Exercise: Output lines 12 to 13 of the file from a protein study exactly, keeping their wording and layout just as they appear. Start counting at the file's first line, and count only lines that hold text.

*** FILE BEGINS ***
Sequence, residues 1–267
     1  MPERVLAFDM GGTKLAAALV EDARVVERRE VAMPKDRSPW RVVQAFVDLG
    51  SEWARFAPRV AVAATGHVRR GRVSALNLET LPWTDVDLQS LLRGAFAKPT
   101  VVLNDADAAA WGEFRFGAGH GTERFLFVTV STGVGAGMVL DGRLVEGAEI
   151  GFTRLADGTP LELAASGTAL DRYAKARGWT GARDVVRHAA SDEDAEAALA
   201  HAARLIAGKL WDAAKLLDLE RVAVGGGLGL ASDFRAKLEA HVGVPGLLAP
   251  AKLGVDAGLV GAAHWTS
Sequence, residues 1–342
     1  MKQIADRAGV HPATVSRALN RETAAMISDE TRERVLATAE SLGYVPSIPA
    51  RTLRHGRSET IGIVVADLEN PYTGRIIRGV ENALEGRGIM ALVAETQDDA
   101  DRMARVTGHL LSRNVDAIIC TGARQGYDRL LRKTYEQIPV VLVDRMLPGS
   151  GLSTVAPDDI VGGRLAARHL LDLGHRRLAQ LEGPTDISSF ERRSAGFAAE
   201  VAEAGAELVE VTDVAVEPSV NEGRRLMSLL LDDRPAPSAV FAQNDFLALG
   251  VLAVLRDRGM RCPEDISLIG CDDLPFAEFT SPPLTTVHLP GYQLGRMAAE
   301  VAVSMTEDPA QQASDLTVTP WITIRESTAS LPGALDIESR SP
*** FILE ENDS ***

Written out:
   151  GLSTVAPDDI VGGRLAARHL LDLGHRRLAQ LEGPTDISSF ERRSAGFAAE
   201  VAEAGAELVE VTDVAVEPSV NEGRRLMSLL LDDRPAPSAV FAQNDFLALG